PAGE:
There’s some ungainly looseness to this post, I realize, but I’m seeking to connect it with a simple underlying idea: as academics, we moan a great deal about how the greater public doesn’t afford us the respect we deserve, while at the same time our actions often do not return respect to those outside of academe. Our professional activities are not the problem, even if those aren’t always easily communicated to those unfamiliar with the biz. The real problem is that we sometimes forget that we are members of the communities where we live (local, state, national). We are not voices above, outside, or lateral from the public. We are the public.

Faced as we are with tremendous political attack, it’s crucial that we start thinking about the coded message we send. A proper professoriate will always make waves, challenge standard thinking, and push a culture forward. But we need to do so with an inherent consciousness of image. I truly believe the “public” has no problem with academic culture as a culture of intelligent debate, but I think everyone rankles when confronted with apparent elitism. We can’t afford to positions ourselves as aloof, above, distant, different, any of those things. We can’t afford to do it even by accident. We need to clearly communicate how we are both vital to the public interest and, in fact, part of that public.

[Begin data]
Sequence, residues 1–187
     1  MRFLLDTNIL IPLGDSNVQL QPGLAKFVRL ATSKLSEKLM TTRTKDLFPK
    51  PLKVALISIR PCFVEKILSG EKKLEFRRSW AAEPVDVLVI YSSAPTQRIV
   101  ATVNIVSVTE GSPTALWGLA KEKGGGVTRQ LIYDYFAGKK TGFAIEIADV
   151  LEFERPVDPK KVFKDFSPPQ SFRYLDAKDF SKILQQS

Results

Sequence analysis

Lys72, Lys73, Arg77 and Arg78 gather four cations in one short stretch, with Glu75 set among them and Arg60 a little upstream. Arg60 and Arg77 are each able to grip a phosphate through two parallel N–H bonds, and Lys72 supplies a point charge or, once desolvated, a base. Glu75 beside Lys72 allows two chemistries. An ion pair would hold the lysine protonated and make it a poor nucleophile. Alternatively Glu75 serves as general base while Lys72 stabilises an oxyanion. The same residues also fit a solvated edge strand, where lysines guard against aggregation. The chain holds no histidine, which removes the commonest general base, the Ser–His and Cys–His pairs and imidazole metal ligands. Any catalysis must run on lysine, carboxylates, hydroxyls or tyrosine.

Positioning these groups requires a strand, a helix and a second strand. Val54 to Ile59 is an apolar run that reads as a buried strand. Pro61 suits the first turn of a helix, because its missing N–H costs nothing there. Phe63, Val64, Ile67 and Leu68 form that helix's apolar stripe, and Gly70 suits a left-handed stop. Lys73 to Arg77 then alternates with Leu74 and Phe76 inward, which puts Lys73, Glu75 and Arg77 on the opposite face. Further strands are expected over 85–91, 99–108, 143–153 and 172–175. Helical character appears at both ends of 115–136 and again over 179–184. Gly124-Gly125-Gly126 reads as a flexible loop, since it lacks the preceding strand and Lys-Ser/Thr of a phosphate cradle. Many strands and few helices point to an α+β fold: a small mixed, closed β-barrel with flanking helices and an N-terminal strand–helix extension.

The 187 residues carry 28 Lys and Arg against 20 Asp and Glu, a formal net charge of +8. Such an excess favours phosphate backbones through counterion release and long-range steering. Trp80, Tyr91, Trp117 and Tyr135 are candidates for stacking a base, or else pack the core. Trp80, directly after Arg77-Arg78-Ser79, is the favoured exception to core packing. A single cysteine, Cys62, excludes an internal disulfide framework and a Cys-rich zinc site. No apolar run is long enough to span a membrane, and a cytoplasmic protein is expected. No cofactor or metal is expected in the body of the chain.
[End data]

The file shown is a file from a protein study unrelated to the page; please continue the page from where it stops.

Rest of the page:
The slogan bopping about campus right now is, “United We Stand, Underfunded We Fail.” As academics, we need to parse that “united,” make sure that is clearly being defined as a public unity and not merely professorial privilege.

Advertisements